When a stage is assigned it adapts the same development as the staging system for squamous cell carcinomas (briefly outlined in Table 3).
Table 3. A brief overview of the staging system used to describe Basal cell carcinoma (Cancer Research UK, 2017).
|Bowen’s disease or Carcinoma in situ
Cancer cells in the place they started to develop
Cells have become malignant but have not spread
|2cm or less across
No high risk features
High risk features include:
Grown down into the lower section of the dermis
Found to have developed on the lip or ear
Microscopic examination reveals extreme abnormalities (poor differentiation)
|Stage 2||>2cm across
2 or more high risk factors
Grown into the bones of the face
Spread to a lymph node
Grown into the spinal Colum, ribs or base of the skull
Grades are assigned based on the similarity of cancerous cells to ‘normal’ or healthy cells. This grading system is designed to give clinicians an insight into the possible behaviour of the cancer and to help determine the best treatment therapy.
The grades run from 1 to 3:
- Low grade – look like normal cells
- Medium grade – look similar to normal cells with a few abnormalities
- High grade – look very abnormal with minimal similarity to normal cells
(Cancer Research UK, 2017)
This pioneering excisional method was developed by Frederic Mohs (Mohs, 1941) and combines stages, resection, and extensive surgical margin examination to ensure the maximum removal of cancerous cells, with the minimal loss of skin. This method has demonstrated one of the highest success rates for curing even the most high risks BCC’s. Even with its high success rates, MMS is reserved for use on high-risk facial lesions, due to MMS’s ability to cure the cancer whilst preserving as much skin as possible, which is important when treating facial lesions. MMS is also time efficient, as most being carried out on an out-patient or day-case system, relieving the stress on post surgical care within hospitals (Telfer et al., 2008).
Fredric designed this method based on the principle that any trace of infiltrating BCC cells must be identified and removed, to ensure that the individual is completely cured. Studies from the Netherlands found that MMS is one of the most cost effective treatment options for BCC, despite its expensive running cost. MMS is more expensive than most surgery options for BCC treatment, however its high cure rate and low recurrence rate ensures that this method is cost effective (Telfer et al., 2008).
These two methods are very similar to surgical excision, except the surgeon uses a circular blade to scrape the cancerous cells away. The area is then burnt, destroying any remaining cancer cells. However, these methods are only suitable for small BCCs and this procedure may need to be repeated multiple times to ensure all of the cancer cells are completely removed, preventing recurrence. The success of these procedures relies on the skill and experience of the surgeon. These method can have a high success rate when preformed on low risk BCC, and are deemed to be poor treatment methods and leads to high recurrence rates (Telfer et al., 2008).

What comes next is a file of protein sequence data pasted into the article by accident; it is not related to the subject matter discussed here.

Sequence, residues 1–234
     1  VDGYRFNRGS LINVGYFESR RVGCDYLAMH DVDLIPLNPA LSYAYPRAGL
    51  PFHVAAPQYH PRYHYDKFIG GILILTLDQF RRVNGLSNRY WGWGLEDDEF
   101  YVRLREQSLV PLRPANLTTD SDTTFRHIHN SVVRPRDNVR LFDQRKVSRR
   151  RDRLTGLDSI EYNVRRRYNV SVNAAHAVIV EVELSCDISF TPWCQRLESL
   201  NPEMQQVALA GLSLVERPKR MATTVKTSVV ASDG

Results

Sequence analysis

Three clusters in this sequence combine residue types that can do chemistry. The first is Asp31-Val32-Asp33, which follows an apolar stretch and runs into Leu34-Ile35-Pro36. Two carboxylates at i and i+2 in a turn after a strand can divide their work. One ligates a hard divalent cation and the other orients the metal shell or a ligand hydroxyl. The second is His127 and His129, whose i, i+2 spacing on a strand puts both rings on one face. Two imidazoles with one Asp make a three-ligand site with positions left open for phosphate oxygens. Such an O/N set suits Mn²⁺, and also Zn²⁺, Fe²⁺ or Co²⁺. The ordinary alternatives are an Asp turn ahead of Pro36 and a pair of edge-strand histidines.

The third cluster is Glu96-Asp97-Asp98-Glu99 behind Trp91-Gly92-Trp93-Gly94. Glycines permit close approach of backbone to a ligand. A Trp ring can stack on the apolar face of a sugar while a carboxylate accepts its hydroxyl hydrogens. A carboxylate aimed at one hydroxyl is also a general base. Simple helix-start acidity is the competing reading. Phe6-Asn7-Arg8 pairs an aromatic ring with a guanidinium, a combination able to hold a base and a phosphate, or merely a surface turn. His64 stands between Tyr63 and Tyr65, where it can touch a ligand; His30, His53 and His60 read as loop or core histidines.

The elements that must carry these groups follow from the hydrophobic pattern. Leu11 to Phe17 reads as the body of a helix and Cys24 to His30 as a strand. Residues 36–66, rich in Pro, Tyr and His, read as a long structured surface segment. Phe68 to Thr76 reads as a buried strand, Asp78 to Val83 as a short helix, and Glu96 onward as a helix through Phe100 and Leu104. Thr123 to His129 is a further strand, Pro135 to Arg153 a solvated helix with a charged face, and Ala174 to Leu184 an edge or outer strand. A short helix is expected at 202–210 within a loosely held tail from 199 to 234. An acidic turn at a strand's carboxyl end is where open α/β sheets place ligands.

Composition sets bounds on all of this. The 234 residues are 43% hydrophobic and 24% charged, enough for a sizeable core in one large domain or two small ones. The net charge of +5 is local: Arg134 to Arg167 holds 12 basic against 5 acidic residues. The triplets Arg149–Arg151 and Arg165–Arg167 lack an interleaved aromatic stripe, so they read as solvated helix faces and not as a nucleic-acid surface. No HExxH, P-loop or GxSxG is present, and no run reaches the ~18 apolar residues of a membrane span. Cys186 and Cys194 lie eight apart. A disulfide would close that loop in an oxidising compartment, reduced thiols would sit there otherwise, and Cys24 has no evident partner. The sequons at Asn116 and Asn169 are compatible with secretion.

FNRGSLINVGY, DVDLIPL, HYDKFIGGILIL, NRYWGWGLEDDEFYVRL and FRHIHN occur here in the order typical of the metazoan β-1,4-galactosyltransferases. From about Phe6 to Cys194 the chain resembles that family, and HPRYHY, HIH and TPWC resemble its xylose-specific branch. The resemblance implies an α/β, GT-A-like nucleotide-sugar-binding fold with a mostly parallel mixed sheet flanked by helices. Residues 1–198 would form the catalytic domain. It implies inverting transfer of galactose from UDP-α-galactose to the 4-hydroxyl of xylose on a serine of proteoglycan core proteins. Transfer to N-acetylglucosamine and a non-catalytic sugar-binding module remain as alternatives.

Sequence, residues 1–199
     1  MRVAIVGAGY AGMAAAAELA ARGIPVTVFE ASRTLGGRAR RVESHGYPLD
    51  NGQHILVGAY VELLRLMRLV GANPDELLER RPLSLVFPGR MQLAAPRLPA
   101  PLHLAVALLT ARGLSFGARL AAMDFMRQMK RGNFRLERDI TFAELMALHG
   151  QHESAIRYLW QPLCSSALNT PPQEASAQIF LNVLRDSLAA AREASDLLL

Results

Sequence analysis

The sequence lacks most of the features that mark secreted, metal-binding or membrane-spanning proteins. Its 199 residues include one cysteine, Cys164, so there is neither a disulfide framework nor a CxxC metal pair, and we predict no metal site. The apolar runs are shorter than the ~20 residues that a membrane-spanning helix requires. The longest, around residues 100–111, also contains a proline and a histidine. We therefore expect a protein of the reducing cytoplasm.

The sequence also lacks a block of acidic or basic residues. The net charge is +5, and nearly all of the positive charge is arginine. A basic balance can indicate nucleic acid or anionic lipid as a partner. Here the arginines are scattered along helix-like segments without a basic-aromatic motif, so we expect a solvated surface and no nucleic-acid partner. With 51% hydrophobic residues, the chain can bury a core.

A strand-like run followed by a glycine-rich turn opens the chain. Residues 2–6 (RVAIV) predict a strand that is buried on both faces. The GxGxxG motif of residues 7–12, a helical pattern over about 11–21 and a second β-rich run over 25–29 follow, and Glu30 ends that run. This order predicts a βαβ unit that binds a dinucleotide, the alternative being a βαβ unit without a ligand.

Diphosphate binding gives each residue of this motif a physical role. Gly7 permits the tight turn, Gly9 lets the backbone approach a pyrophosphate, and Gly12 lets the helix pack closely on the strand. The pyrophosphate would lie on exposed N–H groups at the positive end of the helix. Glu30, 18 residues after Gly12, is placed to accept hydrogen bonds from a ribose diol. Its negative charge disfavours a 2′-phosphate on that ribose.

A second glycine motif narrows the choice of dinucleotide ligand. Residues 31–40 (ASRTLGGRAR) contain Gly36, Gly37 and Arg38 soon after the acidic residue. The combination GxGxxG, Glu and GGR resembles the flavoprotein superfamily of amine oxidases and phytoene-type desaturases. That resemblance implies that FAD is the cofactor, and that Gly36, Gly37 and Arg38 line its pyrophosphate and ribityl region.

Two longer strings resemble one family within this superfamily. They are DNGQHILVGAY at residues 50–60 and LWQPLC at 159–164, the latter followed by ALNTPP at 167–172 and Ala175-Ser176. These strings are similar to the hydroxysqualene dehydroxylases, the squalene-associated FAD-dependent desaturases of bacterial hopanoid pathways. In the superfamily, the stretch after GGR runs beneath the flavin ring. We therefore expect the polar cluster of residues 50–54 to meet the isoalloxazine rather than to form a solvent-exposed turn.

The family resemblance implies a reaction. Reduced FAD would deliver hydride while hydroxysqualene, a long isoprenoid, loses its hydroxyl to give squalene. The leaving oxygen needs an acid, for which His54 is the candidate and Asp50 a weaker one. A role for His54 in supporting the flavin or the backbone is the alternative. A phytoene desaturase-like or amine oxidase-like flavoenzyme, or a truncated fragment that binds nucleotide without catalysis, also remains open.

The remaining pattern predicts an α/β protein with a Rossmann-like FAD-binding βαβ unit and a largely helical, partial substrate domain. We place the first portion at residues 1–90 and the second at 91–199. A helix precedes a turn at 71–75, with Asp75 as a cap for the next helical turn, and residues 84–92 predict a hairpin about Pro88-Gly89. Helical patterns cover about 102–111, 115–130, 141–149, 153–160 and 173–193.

In this method a predetermined margin is used to excise, what is aimed to be the whole of the tumour. A wide margin is given to ensure any infiltrating BCC cells have been removed. After removal the peripheral and deep tissue margins of the excised tumour are analysed histologically, to ensure they are clean and there are no signs of BCC cells, which may indicate some cells have been missed, leading to BCC recurrence (Telfer et al., 2008). This method has been reported as extremely effective, with a five year recurrence rate of less than 2% (Walker and Hill, 2006; Griffiths et al., 2005). The cure rate of this method can be increased if combined with the curettage procedure, prior to the excision (Telfer et al., 2008).
Photodynamic therapy requires photosensitising agents, light, and an oxygen source, creating a photochemical reaction, which selectively destroys abnormal BCC cells. This method is usually used on superficial BCC’s. Photosensitising drugs may be administered orally, intravenously, or topically, and once in the body they migrate and congregate within the cancerous cells. Once these medications are exposed to light of a specific wavelength they are activated and this reaction destroys the BCC cells (Ngan, 2003; Matei et al., 2013).
PDT has achieved a great success and efficiency in treating BCC and is known to reduce the disfigurement associated with other BCC therapies. A study carried out by Benz et al.,(2008) found that PDT had an overall rate of complete remission which was 96.7%. Similar studies have boasted success rates of 92.7% (Kubler et al., 1999). Fantini et al. (2011) discovered that PDT had a higher complete remission rate in superficial BCC’s (82%) compared to nodular BCC’s (33%).